Over 7 million Zimbabweans are now food insecure, as the family food basket for June stands at ZW$110,000 (about US$180) – when an average civil servant earns a net salary of US$80, with half the population living on less than US$1.90 a day.

Yet, we are busy hero-worshipping and praise-singing Mnangagwa, and his clueless, kleptomaniac, and incompetent regime as if they were some heroes – in spite of their reckless and cruel ruination of our once prosperous country and livelihoods.

Why are we not, like the British, holding our leadership accountable for the tragic, deplorable and unacceptable state we find ourselves in?

Whether the said challenges are traceable to foreign factors, or are purely home-grown and self-inflicted, the onus is always upon the leadership to find a swift solution – failure of which, should result in severe consequences.

Even Johnson, in spite of Russia’s aggression against Ukraine being a legitimate contributive factor in the economic downturn being experienced in Britain – nonetheless, his inability to speedily arrest the worsening hardships for Britons lies squarely on his doorsteps at No. 10 Downing Street.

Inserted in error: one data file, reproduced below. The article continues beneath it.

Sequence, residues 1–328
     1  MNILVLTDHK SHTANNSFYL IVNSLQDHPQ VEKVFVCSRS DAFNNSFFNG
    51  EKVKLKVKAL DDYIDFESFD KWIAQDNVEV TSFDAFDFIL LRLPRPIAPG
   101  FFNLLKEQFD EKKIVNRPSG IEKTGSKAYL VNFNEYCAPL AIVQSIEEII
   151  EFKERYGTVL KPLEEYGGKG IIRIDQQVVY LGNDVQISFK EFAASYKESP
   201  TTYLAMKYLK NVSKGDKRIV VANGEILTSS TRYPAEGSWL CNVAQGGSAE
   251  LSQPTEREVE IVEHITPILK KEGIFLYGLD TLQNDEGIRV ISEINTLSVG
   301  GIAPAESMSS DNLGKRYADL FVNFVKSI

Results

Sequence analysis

The same pertains to our untenable sorrowful plight in Zimbabwe – no matter what the reasons may be for our pain and suffering, the buck stops with Mnangagwa.

Whose fault is it, then, when we choose to turn a blind eye to the conspicuous disgraceful plunder of our nation’s resources by the ruling elitist clique – with every scheme they introduce, ostensibly to fix the economy, clearly designed to fleece the already poverty-stricken population, for the benefit of those aligned to power?

Why do we choose to cheer and celebrate our leaders, even in the face of their undeniable looting of state coffers, through devious and scandalous deals with shady business characters – which will inevitably leave our country poorer, lacking proper service delivery and infrastructure?

We elect to see no wrong, we hear no wrong, and we speak no wrong about our leaders!

At the end of the day, honestly who do we blame for our sorry miserable situation?

As long as we turn our leaders into deities, and politics into cults, Zimbabwe will never prosper and develop.

© Tendai Ruben Mbofana is a social justice activist, writer, researcher, and social commentator. Please feel free to contact him on WhatsApp/Call: +263715667700 / +263782283975, or Calls Only: +263788897936 / +263733399640, or email: [email protected]